SCOTTSDALE, Ariz. — In just three months, hundreds of homeowners in an upscale desert community north of Scottsdale will lose their water supplier.
On Wednesday, the Maricopa County Board rejected a last-ditch solution that would have allowed residents of Rio Verde Foothills Community (RVFC) to tax themselves to pay for water.
In the wake of that board vote, no one could say where a large number of Rio Verde residents will get their water on Jan. 1.
"It seems unbelievable, to be honest," said Meredith DeAngelis, who's lived in the community with her family for 11 years.
"We need to just keep making phone calls and keep pushing people to say how are they going to help our community.
"We cannot go dry."
Scottsdale warned them water deliveries would end
The City of Scottsdale warned residents months ago that it would stop delivering water next year. Scottsdale was worried about its own water supply as Arizona absorbs deeper cuts next year to its Colorado River allocation
Supervisor Thomas Galvin, whose county district includes Rio Verde Foothills, said Scottsdale officials might reverse their decision on water hauling, knowing residents are working on a longer-term solution.
"I'm not going to speak on behalf of the City of Scottsdale," he said, "but I am confident that common sense is going to prevail."
When told of Galvin's remarks, a spokeswoman for the Scottsdale Water Department responded: "Scottsdale has not talked to the county regarding this topic. Our position has not changed.*
Community divided over what to do
RVFC is an unincorporated area that doesn't have its own municipal water supply. Many residents never thought much of it.
They either got their water from working wells or hauled in from Scottsdale.
Many homeowners now say they weren't aware when they bought their property that their water supply might be at risk.
Two factions have torn the Foothills in half since the cutoff was announced by Scottsdale last November.
They've been divided by what they see as the best way forward.
One side wanted to form the resident-led taxing district, with the powers to obtain water from other sources. The other side wanted to continue the tradition of hauling water with another utility company.
After months of waiting, residents on Wednesday got to hear the Maricopa County Board of Supervisors vote to side with the pro-utility residents against forming the district.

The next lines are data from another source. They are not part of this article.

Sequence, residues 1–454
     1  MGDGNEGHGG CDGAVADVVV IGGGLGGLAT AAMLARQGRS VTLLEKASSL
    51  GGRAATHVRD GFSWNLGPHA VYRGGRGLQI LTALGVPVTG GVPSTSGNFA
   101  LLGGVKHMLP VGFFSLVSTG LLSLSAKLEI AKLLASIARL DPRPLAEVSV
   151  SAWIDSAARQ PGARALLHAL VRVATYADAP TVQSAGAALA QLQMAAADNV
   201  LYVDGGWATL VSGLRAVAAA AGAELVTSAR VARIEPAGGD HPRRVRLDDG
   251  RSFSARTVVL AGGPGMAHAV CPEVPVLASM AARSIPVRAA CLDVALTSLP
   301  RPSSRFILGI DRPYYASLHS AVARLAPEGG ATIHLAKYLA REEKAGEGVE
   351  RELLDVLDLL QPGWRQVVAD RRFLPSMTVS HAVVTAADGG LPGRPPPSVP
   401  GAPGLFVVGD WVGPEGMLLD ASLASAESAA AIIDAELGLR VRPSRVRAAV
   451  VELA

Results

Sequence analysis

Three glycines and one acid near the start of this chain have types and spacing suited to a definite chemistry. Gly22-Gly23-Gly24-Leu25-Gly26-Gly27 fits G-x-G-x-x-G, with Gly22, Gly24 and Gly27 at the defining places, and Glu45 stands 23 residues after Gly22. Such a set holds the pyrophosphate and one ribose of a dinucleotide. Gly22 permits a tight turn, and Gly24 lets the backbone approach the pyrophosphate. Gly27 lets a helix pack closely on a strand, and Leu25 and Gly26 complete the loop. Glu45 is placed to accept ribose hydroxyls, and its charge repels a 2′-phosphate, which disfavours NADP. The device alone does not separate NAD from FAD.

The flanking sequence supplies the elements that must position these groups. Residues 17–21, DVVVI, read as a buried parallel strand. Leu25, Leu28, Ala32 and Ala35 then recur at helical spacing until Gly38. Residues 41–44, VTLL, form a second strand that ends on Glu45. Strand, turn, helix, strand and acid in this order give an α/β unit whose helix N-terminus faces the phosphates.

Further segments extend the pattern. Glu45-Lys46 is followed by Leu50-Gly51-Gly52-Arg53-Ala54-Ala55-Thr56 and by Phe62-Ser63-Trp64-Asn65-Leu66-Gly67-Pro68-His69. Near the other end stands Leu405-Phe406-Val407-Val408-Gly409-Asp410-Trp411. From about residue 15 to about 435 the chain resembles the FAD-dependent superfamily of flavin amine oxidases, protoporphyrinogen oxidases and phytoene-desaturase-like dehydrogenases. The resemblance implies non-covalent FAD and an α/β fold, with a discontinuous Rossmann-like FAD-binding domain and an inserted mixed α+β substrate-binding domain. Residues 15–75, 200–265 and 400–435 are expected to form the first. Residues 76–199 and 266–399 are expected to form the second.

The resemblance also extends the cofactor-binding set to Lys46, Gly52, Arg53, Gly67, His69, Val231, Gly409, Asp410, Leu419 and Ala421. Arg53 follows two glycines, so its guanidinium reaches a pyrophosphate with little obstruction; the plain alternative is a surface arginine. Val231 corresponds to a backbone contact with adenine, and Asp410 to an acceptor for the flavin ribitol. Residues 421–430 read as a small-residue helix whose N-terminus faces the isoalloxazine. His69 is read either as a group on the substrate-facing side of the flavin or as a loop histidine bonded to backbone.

The vote might clear the way for EPCOR to be the primary water hauling service for the community, pending approval from the Arizona Corporation Commission.
But the utility said the earliest it could begin hauling water to the community was more than two years away.
Why did the board vote against DWID?
Galvin led the charge to dismiss the motion to form a Designated Water Improvement District (DWID).
A DWID lets an area's water users take shared responsibility for managing said area's water through a board of locally elected members. The district then has the power to enter into water deals and put funding into water infrastructure construction.
Galvin gave numerous reasons as to why he believed a DWID wasn't the right move for the community. The reasons included:
- Worries over how the DWID would properly represent the entire community
- The majority of commenters telling the board they weren't in favor of the DWID
- The fact that the DWID's members would have the power to condemn nearby property for water purposes
"A new governmental entity would be disruptive to the rural, independent lifestyle and spirit of the community," Galvin said during the meeting. "In contrast, a private water utility corporation can address these water needs and has greater support from the community."
What is EPCOR's plan?
The ACC was looking at two utility companies for candidates to deliver water to the community's residents: EPCOR and Global Water Response.
EPCOR may sound familiar to residents of the north Valley. The utility company stepped in to provide water to the New River and Desert Hills communities when Phoenix announced its cut-off to water hauling services in 2018.
EPCOR reported back to the Corporation Commission last Friday, laying out the challenges of providing water to Rio Verde Foothills: It could take more than two years to complete once the project was approved, inflation could drive up the cost, and residents would pay a lot more for water than they're paying now.
Read the entire EPCOR statement here:
The other utility, Global Water Response, said it wouldn't haul water to the community.
Read the entire Global Water Response statement here:
Would the DWID have brought water faster?
The RVFC would have also had a potentially long, difficult road with the DWID.
The community's most popular idea currently looks at the DWID buying a piece of land with water, potentially in the Harquehala Valley dozens of miles away. They'd then have to figure out how to get that water to Central Arizona Project (CAP) canals by forming some kind of agreement.
If everything goes swimmingly, the water would enter the CAP and make its way to Rio Verde Foothills via pipeline. It would all cost a lot of money, but residents pushing for the DWID said it was the only choice they had.
The DWID process is in no way immediate. There was no telling how long it would have taken before the new water supply would have been accessible.
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